Treatment outcome of new smear positive pulmonary tuberculosis patients in Penang, Malaysia
1 Discipline of Clinical Pharmacy, School of Pharmaceutical Sciences, Universiti Sains Malaysia, Penang, Malaysia
2 Department of Pharmacy, The Islamia University of Bahawalpur, Punjab, Pakistan
3 Discipline of Social and Administrative Pharmacy, School of Pharmaceutical Sciences, Universiti Sains Malaysia, Penang, Malaysia
4 Respiratory Department, Penang General Hospital, Penang, Malaysia
5 Department of Pharmacology, School of Pharmaceutical Sciences, Universiti Sains Malaysia, Penang, Malaysia
6 Division of Pharmacy Practice, School of Pharmacy, University of Auckland, Auckland, New Zealand
BMC Infectious Diseases 2014, 14:399 doi:10.1186/1471-2334-14-399Published: 19 July 2014
According to the World Health Organization’s recent report, in Malaysia, tuberculosis (TB) treatment success rate for new smear positive pulmonary tuberculosis (PTB) patients is still below the global success target of 85%. In this study, we evaluated TB treatment outcome among new smear positive PTB patients, and identified the predictors of unsuccessful treatment outcome and longer duration of treatment (i.e., > 6 months).
The population in this study consisted of all new smear positive PTB patients who were diagnosed at the chest clinic of Penang General Hospital between March 2010 and February 2011. During the study period, a standardized data collection form was used to obtain socio-demographic, clinical and treatment related data of the patients from their medical charts and TB notification forms (Tuberculosis Information System; TBIS). These data sources were reviewed at the time of the diagnosis of the patients and then at the subsequent follow-up visits until their final treatment outcomes were available. The treatment outcomes of the patients were reported in line with six outcome categories recommended by World Health Organization. Multiple logistic regression analysis was used to find the independent risk factors for unsuccessful treatment outcome and longer treatment duration. Data were analyzed using the PASW (Predictive Analysis SoftWare, version 19.0. Armonk, NY: IBM Corp).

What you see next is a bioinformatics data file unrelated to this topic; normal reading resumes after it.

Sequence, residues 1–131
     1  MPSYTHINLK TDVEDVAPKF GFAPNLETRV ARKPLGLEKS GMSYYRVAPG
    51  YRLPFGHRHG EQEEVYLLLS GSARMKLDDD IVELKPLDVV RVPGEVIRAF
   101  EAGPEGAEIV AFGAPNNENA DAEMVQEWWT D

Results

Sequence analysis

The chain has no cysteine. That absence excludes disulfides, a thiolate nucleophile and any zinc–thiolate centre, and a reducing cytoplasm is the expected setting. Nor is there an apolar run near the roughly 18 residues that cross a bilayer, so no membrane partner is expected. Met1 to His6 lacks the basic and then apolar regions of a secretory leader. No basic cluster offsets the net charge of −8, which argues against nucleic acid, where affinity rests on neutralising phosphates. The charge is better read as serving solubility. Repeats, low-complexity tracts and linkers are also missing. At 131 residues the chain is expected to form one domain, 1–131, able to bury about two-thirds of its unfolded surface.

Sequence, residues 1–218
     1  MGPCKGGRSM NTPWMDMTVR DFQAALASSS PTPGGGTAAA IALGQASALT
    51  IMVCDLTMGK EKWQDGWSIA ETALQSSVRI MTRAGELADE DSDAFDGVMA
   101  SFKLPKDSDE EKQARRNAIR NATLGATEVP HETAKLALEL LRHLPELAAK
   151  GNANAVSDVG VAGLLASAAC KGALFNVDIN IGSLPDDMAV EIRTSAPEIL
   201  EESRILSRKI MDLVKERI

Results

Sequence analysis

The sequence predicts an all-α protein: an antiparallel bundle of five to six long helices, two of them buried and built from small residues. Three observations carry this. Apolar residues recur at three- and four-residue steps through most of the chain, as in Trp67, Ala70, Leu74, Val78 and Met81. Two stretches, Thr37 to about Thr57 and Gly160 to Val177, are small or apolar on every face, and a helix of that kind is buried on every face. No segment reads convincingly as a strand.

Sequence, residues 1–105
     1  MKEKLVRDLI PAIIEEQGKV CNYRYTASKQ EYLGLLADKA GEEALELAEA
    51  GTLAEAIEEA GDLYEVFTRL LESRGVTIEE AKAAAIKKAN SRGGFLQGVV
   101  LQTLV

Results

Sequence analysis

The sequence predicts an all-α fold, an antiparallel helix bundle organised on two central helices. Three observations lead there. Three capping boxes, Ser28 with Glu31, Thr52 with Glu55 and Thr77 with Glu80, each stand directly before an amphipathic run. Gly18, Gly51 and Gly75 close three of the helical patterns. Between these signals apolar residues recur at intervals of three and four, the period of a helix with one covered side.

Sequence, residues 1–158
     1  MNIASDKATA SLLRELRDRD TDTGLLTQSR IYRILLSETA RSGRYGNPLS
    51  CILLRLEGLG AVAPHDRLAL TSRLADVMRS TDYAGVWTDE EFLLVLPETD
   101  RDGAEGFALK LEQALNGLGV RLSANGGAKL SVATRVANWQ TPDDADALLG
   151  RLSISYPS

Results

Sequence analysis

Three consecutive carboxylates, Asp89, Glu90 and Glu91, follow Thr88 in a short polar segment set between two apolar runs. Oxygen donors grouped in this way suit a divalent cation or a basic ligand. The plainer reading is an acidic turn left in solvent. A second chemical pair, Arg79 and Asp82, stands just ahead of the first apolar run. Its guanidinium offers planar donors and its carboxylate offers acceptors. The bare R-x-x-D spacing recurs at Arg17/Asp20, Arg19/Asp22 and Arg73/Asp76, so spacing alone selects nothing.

Among the 336 PTB patients (236 male and 100 female) notified during the study period, the treatment success rate was 67.26% (n = 226). Out of 110 patients in unsuccessful outcome category, 30 defaulted from the treatment, 59 died and 21 were transferred to other health care facilities. The mean duration of TB treatment was 8.19 (SD 1.65) months. In multiple logistic regression analysis, risk factors for unsuccessful treatment outcome were foreign nationality, male gender and being illiterate. Similarly, risk factors for mortality due to TB included high-grade sputum and presence of lung cavities at the start of treatment, being alcoholic and elderly. Likewise, concurrent diabetes, presence of lung cavities at the start of the treatment and being a smoker were the significant predictors of longer treatment duration.
Our findings indicated that the treatment success rate among the new smear positive PTB patients was less than the success target set by World Health Organization. The proportion of patients in the successful outcome category may be increased by closely monitoring the treatment progress of the patients with aforementioned high risk characteristics. Similarly, more aggressive follow-up of the treatment defaulters and transferred out patients could also improve the TB treatment success rate.